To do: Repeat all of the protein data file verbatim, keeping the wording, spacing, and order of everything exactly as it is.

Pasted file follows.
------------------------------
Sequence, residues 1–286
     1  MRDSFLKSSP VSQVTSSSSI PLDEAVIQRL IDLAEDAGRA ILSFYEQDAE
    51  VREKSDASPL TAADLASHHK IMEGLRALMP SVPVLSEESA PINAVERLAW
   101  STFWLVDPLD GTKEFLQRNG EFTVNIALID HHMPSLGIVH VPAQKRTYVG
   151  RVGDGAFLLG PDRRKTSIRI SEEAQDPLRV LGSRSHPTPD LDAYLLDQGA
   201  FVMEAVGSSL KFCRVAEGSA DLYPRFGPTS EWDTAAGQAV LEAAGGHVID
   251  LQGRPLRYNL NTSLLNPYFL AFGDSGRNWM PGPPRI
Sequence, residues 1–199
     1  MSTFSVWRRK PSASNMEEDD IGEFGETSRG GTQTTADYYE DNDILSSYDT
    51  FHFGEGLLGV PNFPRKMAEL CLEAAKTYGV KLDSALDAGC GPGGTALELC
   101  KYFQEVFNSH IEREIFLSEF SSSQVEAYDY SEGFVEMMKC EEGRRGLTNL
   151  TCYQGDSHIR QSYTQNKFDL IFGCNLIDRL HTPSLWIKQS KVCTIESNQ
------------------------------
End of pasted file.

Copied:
Sequence, residues 1–286
     1  MRDSFLKSSP VSQVTSSSSI PLDEAVIQRL IDLAEDAGRA ILSFYEQDAE
    51  VREKSDASPL TAADLASHHK IMEGLRALMP SVPVLSEESA PINAVERLAW
   101  STFWLVDPLD GTKEFLQRNG EFTVNIALID HHMPSLGIVH VPAQKRTYVG
   151  RVGDGAFLLG PDRRKTSIRI SEEAQDPLRV LGSRSHPTPD LDAYLLDQGA
   201  FVMEAVGSSL KFCRVAEGSA DLYPRFGPTS EWDTAAGQAV LEAAGGHVID
   251  LQGRPLRYNL NTSLLNPYFL AFGDSGRNWM PGPPRI
Sequence, residues 1–199
     1  MSTFSVWRRK PSASNMEEDD IGEFGETSRG GTQTTADYYE DNDILSSYDT
    51  FHFGEGLLGV PNFPRKMAEL CLEAAKTYGV KLDSALDAGC GPGGTALELC
   101  KYFQEVFNSH IEREIFLSEF SSSQVEAYDY SEGFVEMMKC EEGRRGLTNL
   151  TCYQGDSHIR QSYTQNKFDL IFGCNLIDRL HTPSLWIKQS KVCTIESNQ